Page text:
• Join over 1.2 million students every month
  • Accelerate your learning by 29%
  • Unlimited access from just £6.99 per month

Vietnam Coursework Comparing sources

Extracts from this document...

Introduction

Vietnam Coursework 2 Many historians assert that media coverage of the war in Vietnam was the major reason for the inevitable withdrawal of American and allied forces from the conflict. This is the theory presented in Source M, a statement made by a prolific British media commentator in 1970 which asserts that the advent of cover television and mass media will make it impossible to wage any kind of long-term conflict. The first source, Source D, is a North Vietnamese propaganda poster depicting a group of American soldiers hunting for Vietcong partisans or other enemy combatants. Forced to leave their vehicles behind, the Americans are depicted as black silhouettes against the white backdrop of the Vietnamese jungle. In the foliage around them they are surrounded by invisible Communist soldiers, waiting for the right time to strike the group of Americans. All though the reliability and accuracy of the source is dubious due to it's use as a propaganda poster, the source does present the theory that America's inexperience with guerrilla warfare was the main reason for the failure of American forces in Vietnam. America was accustomed to waging wars that revolved around decisive battle engagements, whilst they were fighting the North Vietnamese in their own land where anyone in the North or South could be a possible Vietcong combatant. ...read more.

Middle

Many were shocked, stunned and horrified by the crimes - some so horrified that they refused to believe that American troops could have been responsible for such an act, instead choosing to belief that the story was fabricated. Following the events at My Lai public opinion turned massively against the war, possibly explaining the fact that it came to a conclusion seven years later. It is also worth noting that First Lieutenant William Calley, the man who ordered the attack, was the only participant to be convicted of any crime. Whether or not Source G supports Source M is debatable - one the one hand, it attributes defeat largely to crimes such as those committed at My Lai but at the same time it represents the impact the media had on the war effort by exposing those crimes. It is logical to assume that Source G can be used to support Source M, all though it does not support the theory as explicitly as other sources do. Source H, the fifth source, depicts the impact of the war on the American home front. A satirical cartoon drawn for the British magazine Punch a year before My Lai in 1967, it depicts a train representing President Johnson's vision for the 'Great Society' - a State where the vision to "Feed and shelter the homeless [and] to provide education and medical care" has been realised. ...read more.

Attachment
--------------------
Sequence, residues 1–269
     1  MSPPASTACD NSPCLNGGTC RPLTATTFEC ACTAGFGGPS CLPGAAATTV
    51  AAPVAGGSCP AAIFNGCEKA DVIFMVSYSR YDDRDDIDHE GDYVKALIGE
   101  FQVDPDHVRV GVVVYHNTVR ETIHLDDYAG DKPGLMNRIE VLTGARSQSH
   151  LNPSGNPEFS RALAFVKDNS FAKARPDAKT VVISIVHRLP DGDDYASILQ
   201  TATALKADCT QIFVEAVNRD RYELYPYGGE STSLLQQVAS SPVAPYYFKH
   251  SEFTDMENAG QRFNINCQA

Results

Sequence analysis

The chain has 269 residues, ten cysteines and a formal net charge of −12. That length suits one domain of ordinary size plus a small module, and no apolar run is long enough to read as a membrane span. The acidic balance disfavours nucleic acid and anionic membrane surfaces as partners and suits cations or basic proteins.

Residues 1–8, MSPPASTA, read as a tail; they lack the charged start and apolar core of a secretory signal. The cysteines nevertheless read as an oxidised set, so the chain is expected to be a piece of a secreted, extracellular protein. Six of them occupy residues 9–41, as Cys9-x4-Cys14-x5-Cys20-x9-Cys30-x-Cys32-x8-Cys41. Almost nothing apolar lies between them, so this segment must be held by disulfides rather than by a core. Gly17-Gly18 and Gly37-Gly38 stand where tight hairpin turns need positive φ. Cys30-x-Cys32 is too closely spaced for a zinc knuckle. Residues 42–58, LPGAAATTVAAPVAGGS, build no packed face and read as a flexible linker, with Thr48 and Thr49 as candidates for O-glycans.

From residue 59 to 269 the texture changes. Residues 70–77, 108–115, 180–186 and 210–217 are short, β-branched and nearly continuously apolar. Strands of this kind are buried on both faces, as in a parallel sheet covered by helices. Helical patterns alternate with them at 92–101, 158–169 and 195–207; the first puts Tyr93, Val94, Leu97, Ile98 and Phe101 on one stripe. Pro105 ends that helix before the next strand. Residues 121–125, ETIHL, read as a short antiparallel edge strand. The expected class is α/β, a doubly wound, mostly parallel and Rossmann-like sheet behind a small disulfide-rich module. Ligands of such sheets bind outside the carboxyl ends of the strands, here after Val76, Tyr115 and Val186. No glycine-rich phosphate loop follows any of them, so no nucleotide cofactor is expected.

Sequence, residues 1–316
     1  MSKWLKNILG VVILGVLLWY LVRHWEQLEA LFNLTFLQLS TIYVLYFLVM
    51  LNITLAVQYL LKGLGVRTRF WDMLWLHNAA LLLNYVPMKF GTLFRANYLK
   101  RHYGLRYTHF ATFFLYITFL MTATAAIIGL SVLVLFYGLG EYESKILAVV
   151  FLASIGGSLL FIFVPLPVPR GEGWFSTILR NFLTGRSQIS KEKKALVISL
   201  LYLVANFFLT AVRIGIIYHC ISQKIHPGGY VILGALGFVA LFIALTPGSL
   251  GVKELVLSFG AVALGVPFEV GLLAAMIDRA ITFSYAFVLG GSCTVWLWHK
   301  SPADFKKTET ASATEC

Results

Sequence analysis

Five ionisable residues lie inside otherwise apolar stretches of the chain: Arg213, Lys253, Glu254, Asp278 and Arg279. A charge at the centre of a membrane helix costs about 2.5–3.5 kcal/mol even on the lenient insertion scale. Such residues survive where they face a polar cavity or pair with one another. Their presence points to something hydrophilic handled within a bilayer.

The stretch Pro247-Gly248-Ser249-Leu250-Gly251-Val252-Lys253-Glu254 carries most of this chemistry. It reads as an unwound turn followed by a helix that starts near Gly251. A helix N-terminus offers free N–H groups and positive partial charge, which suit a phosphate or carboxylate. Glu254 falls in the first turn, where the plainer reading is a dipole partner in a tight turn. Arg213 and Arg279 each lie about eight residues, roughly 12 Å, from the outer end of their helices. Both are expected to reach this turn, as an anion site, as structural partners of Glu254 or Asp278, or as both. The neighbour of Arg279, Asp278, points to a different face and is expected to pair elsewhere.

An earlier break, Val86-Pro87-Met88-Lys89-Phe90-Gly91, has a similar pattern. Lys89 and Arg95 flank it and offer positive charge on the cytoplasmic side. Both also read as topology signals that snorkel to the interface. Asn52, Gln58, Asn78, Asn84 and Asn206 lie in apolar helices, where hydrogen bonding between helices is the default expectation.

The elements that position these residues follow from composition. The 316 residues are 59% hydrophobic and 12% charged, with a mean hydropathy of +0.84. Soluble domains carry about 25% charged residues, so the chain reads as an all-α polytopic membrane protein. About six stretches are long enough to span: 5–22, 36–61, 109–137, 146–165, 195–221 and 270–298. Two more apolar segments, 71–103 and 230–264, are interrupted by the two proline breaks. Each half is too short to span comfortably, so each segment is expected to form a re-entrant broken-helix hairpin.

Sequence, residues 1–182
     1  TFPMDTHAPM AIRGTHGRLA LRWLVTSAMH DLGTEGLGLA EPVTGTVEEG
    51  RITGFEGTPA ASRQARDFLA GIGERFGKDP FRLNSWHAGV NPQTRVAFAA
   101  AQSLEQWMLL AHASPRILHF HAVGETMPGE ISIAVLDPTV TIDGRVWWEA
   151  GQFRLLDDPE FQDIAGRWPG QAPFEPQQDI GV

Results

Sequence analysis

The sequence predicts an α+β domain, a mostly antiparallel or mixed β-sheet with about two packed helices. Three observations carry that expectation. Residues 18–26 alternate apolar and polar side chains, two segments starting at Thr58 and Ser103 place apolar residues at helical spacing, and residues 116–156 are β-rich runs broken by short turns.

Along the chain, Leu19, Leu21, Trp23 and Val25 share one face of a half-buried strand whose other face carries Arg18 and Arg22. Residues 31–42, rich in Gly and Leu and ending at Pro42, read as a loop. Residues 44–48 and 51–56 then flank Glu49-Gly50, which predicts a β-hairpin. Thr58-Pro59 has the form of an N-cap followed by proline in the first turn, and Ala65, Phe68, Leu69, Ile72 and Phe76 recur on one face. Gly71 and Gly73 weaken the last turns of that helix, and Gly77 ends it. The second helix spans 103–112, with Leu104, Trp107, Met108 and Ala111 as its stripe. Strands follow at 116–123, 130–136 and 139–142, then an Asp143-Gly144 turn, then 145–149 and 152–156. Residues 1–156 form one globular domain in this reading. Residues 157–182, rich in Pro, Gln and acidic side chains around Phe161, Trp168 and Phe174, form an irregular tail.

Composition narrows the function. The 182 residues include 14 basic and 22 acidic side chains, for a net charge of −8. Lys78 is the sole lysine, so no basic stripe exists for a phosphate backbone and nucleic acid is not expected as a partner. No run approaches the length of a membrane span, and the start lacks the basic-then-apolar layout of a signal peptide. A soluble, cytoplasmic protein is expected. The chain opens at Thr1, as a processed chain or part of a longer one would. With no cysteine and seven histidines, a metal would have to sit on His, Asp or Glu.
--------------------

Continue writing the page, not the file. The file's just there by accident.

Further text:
Conclusion

The majority of the sources agree, at least fundamentally, with the idea that the media held enough power over the public to force the American government to capitulate on their position. If it were not for the media's readiness to expose the horrific crimes committed by the American armed forces in coalition with South Vietnam, the war may well have continued for a long time afterwards. Nonetheless, we must also consider the superior fighting capabilities of the North Vietnamese and the Vietcong partisans, both of whom established their doctrine of warfare based off those developed by Mao Zedong in the People's Republic of China and Kim-Il Sung of the Democratic People's Republic of Korea. The inability of the Americans to earn the support of the South Vietnamese people also further fuelled the fires of war and made it increasingly difficult to maintain an effective military presence in the South. One must also consider the vastly superior social and economic policies of the Communist North which played a key role in winning over the South Vietnamese people who came to see the Americans as an occupying force of aggression. All though it was the media that inevitably brought an end to the war, America would not have been able sustain the conflict in the long-term regardless of the level of media intervention in the conflict. Peter Gaffney - R11 ...read more.